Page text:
AL 5, summer 1983, p 6.


What is Avantgardism?

Can be considered an avantgarde act that Miklós Erdély, György Jovánovics and János Major exhibited a coat?

The word avant-garde means “vanguard”.

Avant-garde artists cannot be content with the beaten track of established aesthetic rules; they rather aspire to reveal new aesthetic fields and create new aesthetic categories.

The art of the great avant-garde masters (e.g., Picasso, Mondrian, Le Corbusier) is appreciated all over the world. Avantgardism has defeated prejudice and is gaining esteem among more and more people.

In spite of this, avantgardism seems to be problematic, and the main source of the problem is the essence of avantgardism itself, its fundamental requirement: the continuous aspiration to the new.

That is to say: the avant-garde artist restricts her/himself and all other avantgardists with the creation of each new work, because no one of them can make anything similar ever again.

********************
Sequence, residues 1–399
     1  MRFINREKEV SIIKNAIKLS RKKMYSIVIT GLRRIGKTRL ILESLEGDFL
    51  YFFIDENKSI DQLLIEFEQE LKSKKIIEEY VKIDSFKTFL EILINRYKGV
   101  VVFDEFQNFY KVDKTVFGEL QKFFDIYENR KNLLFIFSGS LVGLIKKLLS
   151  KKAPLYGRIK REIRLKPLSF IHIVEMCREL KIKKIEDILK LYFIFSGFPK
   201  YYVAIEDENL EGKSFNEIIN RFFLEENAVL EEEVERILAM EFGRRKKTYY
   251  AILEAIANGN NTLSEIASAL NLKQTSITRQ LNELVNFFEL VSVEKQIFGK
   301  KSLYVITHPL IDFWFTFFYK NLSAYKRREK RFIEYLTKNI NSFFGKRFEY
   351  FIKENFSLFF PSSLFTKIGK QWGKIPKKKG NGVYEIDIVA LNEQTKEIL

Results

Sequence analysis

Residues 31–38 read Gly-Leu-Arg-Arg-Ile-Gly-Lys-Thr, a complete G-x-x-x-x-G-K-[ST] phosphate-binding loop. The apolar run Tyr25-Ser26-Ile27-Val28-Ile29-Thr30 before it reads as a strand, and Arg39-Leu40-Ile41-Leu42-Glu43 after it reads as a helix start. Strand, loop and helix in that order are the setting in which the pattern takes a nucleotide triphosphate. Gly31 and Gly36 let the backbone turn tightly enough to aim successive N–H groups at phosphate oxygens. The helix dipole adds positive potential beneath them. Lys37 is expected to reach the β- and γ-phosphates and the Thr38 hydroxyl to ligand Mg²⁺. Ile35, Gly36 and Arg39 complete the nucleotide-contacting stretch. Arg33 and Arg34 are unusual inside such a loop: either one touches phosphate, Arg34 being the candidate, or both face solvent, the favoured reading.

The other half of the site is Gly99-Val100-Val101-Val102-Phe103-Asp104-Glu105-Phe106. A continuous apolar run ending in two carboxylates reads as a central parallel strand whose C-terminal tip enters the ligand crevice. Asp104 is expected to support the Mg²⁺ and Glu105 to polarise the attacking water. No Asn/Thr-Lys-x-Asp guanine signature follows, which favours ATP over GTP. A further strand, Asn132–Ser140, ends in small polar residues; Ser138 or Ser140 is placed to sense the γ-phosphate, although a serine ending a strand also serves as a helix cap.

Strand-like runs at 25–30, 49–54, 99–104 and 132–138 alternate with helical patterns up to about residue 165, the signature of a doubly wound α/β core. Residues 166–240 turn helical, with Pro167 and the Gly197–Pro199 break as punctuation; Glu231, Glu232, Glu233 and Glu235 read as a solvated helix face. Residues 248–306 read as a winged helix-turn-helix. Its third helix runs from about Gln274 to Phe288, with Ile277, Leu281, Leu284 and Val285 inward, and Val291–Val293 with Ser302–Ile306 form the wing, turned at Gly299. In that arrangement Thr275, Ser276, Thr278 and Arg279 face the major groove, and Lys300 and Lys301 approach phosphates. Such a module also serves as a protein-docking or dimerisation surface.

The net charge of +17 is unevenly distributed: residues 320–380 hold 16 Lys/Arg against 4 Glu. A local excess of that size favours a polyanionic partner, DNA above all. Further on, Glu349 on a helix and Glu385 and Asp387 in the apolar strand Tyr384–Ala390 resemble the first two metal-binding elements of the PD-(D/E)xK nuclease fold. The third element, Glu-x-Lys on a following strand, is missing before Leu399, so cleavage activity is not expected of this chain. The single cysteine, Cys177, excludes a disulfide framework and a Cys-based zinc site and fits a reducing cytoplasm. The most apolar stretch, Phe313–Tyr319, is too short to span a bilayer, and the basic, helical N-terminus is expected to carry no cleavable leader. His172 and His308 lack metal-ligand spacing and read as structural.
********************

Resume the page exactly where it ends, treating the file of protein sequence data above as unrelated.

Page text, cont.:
In this way, although it started as the art of freedom, destroying taboos, avantgardism sets more and more limits on itself with each new work of art.

I consider the coat that we exhibited together an attempt to set avantgardism free.

This work of art contains no novelty.

Exhibiting a piece of clothing is nothing new. Claes Oldenburg exhibited trousers in 1962. There is nothing new in three artists signing a single work of art. The Kukryniksy collective is a well-known example.

An objet d’art accompanied by a text that interprets the problems raised by it is not new, either, as it is the main characteristic of conceptual art (Joseph Kosuth).

And there is nothing wrong in this, either, because there is also nothing new in that there is nothing new in it.”